Then it came to me – a brilliant out!  Burnish my halo with martyrdom – get sick!

Eventually………  The plot was working beautifully. I was such a good director I could even make the thermometer do what I wanted.

My malingering had maligned on me. I had talked myself into a disease that baffled the experts. It figured. Being an extraordinary person it was fitting that I die from an extraordinary ailment. Maybe the gods plan it that way for their favorite sons. My imaginings rose with the fevers. Look at Valentino, Keats, Joyce Kilmer, Alexander the Great – they died young; not steady flames that slowly burned brighter when fueled with wisdom of age – no.  They were meteors that flashed through life and left their auric afterglow; Live it all in one bright flash. Dramatic. Heroic. Prudent. Meet St. Peter while you’re the champ.

About the 10th day, when I was fading fast, Max came in early in the morning to tell me there was a gentleman in the library to see me.

“Max, look, I’ve got three doctors already.”

“No doctor, Frank.  Just a man.”

Max and his wife were dear friends – but they were both Christian Scientists and I kidded the pants off Max about it.

“Max, if it’s one of your voodoo guys, throw him out, will you?”

“Frank, he’s just a nice gentleman.  See him for one minute just for my sake.”

“OK.  For your sake, and for one minute.  Bring him in.”

“He won’t see you in bed.”


“He’s just across the hall in the library.  Get up.”

“Max!  Are you crazy?  I’m dying.  I can’t stand up.”

Max helped me out of bed, put a robe on me and pushed me toward the door.

“Max, hold me up.  The room’s spinning.”

“You can make it.  Go on.  I’ll sit here and play the radio.”

I was so mad I could spit. But I was also intrigued about a voodoo treatment. I made it across the hall and into the library. A little man rose from a chair; completely bald, wearing thick glasses – as faceless a man as you will ever see. There were no introductions. He simply said: “Please sit down, sir.”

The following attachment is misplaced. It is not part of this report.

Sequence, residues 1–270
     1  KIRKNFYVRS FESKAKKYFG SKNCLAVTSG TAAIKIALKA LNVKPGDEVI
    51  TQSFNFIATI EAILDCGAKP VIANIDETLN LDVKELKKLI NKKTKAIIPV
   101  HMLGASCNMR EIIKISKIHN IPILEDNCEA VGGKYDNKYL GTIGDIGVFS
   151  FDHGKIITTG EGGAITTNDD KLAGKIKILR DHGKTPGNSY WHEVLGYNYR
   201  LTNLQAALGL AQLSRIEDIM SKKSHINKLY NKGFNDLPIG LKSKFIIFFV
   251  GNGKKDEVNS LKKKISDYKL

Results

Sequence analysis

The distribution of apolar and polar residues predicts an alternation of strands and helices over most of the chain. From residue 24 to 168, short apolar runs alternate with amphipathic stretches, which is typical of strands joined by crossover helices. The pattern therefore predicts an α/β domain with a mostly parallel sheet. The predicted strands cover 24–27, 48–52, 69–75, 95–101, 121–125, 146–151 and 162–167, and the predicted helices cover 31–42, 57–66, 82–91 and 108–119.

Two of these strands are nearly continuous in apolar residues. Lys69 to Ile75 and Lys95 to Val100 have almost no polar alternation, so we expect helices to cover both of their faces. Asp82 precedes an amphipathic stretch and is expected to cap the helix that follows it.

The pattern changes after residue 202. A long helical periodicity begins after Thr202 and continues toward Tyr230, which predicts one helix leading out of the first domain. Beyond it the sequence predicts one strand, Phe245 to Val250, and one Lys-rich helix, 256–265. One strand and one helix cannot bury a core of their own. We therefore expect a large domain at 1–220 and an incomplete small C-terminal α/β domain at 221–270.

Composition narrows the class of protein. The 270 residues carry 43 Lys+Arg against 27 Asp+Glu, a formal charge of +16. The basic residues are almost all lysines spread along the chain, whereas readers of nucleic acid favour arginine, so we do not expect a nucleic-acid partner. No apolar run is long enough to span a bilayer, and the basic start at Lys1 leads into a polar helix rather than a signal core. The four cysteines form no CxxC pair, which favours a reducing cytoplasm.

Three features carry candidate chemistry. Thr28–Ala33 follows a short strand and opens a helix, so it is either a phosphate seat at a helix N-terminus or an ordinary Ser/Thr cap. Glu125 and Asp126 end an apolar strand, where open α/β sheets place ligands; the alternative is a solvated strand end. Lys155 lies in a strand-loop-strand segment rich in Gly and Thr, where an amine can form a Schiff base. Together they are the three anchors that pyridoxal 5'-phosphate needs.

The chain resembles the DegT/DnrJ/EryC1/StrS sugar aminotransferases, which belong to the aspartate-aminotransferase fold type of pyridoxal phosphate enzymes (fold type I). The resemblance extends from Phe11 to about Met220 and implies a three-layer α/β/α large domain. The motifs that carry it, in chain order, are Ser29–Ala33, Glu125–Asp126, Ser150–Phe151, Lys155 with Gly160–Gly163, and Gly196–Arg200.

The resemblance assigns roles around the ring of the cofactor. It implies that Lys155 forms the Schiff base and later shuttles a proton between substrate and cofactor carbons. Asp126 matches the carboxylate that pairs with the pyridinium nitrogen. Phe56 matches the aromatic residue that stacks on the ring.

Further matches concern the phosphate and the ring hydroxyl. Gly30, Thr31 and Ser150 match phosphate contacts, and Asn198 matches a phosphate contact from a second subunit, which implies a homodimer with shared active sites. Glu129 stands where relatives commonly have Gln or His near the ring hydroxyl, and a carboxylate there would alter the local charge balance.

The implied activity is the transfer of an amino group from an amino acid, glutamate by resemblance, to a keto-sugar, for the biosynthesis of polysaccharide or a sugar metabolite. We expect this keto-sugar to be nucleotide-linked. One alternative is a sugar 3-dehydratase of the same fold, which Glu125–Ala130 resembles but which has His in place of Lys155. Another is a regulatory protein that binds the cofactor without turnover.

I sat down, weak as a cat, and just as curious. The little man sat opposite and quietly said: “Mr. Capra, you’re a coward.”

“A what?”

“A coward, sir. But infinitely sadder – you are an offense to God. You hear that man in there?” Max had turned on the radio in my room. Hitler’s raspy voice came shrieking out of it. “That evil man is desperately trying to poison the world with hate. How many can he talk to? Fifteen million – twenty million? And for how long – twenty minutes? You, sir, you can talk to hundreds of millions, for two hours – and in the dark. The talents you have, Mr. Capra, are not your own, not self acquired. God gave you those talents; they are His gifts to you, to use for His purpose. And when you don’t use the gifts God blessed you with – you are an offense to God – and to humanity.  Good day, sir.”

The little faceless man walked out of the room and down the stairs. In less than thirty seconds he had ripped me open with the truth: exposed the fetid pus of my vanities.

I don’t know how long I sat there, fighting back hot tears of shame before I angrily stormed back into my room on rubbery legs. 

Searching for underwear in my dressing room, I saw myself in a tall mirror: a skinny old man.  I jumped on the scales: I had lost 34 pounds.


…….he left immediately with his wife – drove to Palm Springs and the fever stopped – he gained a pound a day and became miraculously well.

He then went on to make  Mr. Deeds Goes to Town, Mr. Smith Goes to Washington, It’s a Wonderful Life, Lost Horizon & worked on war effort films.

With love,  Patricia